Why Germany is lagging, and why China will lead the world with EVs
By David Morris  ·  2024-02-22  ·   Source: China Focus

A battle is underway, to determine which country will lead in the transition to zero-emission cars. The Electric Vehicle (EV) sector is expected to be a major pillar of the new green economy. Surprisingly, Germany, where the petrol-guzzling car was invented, is lagging. Meanwhile, China, where bicycles out-numbered cars just one generation ago, has become the world leader in EVs.

On a recent visit to Germany, I was struck by how much Germans love their cars. They are rightly proud of their brands, from BMW to VW, for their quality and superior road handling. You don’t see many Japanese cars on the autobahns, let alone Chinese cars. It would be a little like selling ice to Eskimos.

So, when hawks in Brussels evoke a “China threat” to launch anti-subsidy probe on Chinese EV imports, it draws mostly yawns from consumers. That China has subsidised its industry is hardly surprising to Europeans who have long subsidised priority industries. German buyers aren’t particularly warming to EVs anyway. At least not yet.

After subsidies designed to support the switch to EVs were withdrawn by Germany’s government late last year, sales have nosedived 14 percent. EVs account for only 2 percent of cars on German roads. Consumers I spoke with pointed to the scarcity of charging stations, the government’s ambitious plans to invest in infrastructure for EVs seemingly out of reach. For some, EVs are just not taken seriously, rather like “toys” according to one observer.

With a sluggish German economy, the ongoing energy crisis as a result of the war in Ukraine, and rising populism fuelling the extremist Alliance for Germany, EVs may not be on the top of the agenda. Yet failure to keep its leading position as an auto innovator may be a major misstep for Germany, a nation that became rich based on its leadership in manufacturing.

China has its own economic problems, but its automotive sector is breaking records. In 2023, China became the world’s biggest exporter of cars, overtaking both Japan and Germany. In the final months of 2023, China’s BYD overtook Tesla to become the world’s leader in Electric Vehicles (EVs) production.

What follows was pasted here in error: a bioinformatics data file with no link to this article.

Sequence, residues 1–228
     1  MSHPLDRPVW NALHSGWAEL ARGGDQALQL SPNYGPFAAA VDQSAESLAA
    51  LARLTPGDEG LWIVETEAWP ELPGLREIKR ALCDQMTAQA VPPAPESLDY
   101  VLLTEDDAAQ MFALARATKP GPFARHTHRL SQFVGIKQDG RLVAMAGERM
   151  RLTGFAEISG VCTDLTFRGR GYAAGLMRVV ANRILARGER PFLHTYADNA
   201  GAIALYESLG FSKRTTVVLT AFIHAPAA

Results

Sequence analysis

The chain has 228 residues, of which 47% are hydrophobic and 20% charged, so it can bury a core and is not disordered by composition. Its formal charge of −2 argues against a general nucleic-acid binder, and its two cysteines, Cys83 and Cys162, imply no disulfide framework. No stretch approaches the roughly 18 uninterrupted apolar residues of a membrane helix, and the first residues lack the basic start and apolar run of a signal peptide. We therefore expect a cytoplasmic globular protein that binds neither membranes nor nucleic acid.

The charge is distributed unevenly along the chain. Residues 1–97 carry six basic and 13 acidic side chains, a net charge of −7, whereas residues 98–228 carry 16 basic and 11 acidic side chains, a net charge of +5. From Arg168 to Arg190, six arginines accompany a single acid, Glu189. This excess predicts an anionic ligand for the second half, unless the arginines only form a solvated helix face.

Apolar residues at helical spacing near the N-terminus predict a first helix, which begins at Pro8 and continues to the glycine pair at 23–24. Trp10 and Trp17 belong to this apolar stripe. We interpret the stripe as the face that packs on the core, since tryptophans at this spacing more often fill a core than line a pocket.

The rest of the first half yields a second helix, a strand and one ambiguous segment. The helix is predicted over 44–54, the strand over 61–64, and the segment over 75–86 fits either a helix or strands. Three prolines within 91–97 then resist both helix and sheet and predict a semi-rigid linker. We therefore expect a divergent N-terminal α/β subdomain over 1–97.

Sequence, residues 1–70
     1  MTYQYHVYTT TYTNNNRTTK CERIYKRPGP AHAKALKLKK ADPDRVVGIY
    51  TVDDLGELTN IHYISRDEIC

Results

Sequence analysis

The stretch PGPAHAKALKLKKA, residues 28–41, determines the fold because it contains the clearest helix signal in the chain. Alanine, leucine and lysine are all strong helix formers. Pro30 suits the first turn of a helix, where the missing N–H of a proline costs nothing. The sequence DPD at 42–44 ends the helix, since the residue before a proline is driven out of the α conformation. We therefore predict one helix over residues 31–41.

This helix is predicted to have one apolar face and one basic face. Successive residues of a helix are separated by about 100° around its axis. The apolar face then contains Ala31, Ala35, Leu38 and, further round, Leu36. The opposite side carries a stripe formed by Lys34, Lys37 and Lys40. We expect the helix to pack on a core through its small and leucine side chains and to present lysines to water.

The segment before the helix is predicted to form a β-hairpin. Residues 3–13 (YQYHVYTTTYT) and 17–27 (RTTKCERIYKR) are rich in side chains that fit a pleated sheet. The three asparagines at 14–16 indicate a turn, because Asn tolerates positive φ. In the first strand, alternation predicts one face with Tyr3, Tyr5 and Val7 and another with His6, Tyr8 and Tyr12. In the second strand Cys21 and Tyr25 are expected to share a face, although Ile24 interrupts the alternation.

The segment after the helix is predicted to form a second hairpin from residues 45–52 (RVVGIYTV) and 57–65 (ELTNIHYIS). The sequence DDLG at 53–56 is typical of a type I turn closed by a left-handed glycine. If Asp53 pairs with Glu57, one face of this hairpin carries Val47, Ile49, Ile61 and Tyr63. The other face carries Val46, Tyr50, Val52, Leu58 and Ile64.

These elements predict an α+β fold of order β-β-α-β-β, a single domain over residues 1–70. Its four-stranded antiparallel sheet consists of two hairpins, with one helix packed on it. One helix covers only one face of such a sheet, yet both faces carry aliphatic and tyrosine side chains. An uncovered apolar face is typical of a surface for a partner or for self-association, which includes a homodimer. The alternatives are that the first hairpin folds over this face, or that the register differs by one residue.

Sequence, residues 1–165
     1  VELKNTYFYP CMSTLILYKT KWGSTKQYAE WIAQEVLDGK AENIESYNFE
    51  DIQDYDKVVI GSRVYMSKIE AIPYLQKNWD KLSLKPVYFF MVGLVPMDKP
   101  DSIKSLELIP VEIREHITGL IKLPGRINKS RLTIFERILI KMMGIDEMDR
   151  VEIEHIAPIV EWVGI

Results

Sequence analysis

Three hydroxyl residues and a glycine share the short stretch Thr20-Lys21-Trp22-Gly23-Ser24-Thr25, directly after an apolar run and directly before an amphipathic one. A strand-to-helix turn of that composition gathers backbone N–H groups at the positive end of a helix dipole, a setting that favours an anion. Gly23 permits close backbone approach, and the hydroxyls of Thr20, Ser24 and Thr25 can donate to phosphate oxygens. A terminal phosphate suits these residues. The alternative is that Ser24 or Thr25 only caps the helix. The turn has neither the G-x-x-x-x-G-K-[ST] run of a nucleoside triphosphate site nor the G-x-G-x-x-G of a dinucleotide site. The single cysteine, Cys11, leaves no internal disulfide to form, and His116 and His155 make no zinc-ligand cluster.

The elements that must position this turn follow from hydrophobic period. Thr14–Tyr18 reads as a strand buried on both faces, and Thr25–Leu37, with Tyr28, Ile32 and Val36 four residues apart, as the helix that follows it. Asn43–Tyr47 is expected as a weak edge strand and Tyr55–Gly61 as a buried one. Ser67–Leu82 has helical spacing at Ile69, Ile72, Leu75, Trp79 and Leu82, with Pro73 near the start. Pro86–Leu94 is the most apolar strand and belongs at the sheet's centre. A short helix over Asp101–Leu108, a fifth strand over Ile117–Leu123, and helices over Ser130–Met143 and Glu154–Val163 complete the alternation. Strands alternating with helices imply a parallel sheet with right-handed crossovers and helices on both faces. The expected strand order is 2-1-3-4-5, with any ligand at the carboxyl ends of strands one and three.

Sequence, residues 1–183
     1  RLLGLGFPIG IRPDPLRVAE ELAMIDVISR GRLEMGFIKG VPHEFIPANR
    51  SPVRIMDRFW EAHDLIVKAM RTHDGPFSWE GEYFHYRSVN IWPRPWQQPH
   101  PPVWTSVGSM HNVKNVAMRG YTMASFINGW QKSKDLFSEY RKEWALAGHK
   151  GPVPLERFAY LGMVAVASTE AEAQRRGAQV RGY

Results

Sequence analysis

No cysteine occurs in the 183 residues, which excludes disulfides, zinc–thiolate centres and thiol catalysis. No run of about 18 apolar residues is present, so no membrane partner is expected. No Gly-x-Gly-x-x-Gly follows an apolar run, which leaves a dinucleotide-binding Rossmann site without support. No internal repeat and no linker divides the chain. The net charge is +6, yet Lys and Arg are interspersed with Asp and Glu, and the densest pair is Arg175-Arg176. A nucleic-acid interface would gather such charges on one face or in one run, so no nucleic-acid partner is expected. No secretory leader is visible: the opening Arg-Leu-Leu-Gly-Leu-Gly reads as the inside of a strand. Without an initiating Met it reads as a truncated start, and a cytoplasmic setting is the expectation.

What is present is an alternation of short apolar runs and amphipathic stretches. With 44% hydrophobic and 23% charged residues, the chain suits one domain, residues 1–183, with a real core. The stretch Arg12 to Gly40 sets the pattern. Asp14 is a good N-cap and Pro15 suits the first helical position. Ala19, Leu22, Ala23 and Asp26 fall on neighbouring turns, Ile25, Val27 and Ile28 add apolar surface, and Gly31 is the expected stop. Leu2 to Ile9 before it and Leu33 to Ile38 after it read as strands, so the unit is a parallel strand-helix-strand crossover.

This photo shows a launching ceremony of the new vehicle AVATR 12 in Munich, Germany, on September 4, 2023. (XINHUA)

This is good news for my home country, Australia, which supplies China with iron ore, which is turned into steel for car production among other things, and lithium, a critical input for EV batteries. Prices are surging for both. For Australian consumers, feature-packed and competitively priced Chinese-produced EVs have already won a majority share of the Australian car market. Tesla remains the biggest-selling EV in Australia, with both Model Y and Model 3 manufactured at its giant factory in Shanghai, and BYD is in second place.

It’s no surprise today’s China has become the world’s largest market for cars. Despite its current economic slowdown, China has enjoyed decades of strong growth and boasts a giant middle class. The scale of the China market explains why Japanese, German and other foreign carmakers have long manufactured there and why in previous years they were willing to enter into joint ventures that entailed transferring technology to China. The automotive sector in China now allows 100 percent ownership of enterprises by foreign investors, such as Tesla.

In the heyday of globalization, from the 1990s to the pre-Trump era, closer economic interdependence with China worked for everyone. China manufactured low-cost and low-value goods and imported higher-value components from Europe and the United States. China also reinvested its huge U.S. dollar surpluses in U.S. treasury bonds. In the last decade, however, China has begun to challenge the supremacy of Europe and the U.S. at the high-value end of the market.

From 5G digital networks and solar panels, to EVs, China is now a leading source of innovation. For the U.S., Chinese supremacy in the technology of the future is a national security threat. For Europeans, it’s a threat to the manufacturing champions of their economies. For both the U.S. and Europe, then, China’s tech edge is somewhat like an existential challenge. We can expect more blurring of the lines between geopolitical and economic competition, more restrictions on trade and higher tariffs.

Regardless of trade wars or a new cold war, EVs are the way of the future and nothing can stop the future. In an ideal world, everyone benefits from innovation and the transition to green transport. Some might get there sooner than others, and will reap greater rewards.

David Morris is President of 1Earth Village, Senior Fellow, Center for China and Globalization, and a former Australian and multilateral diplomat.

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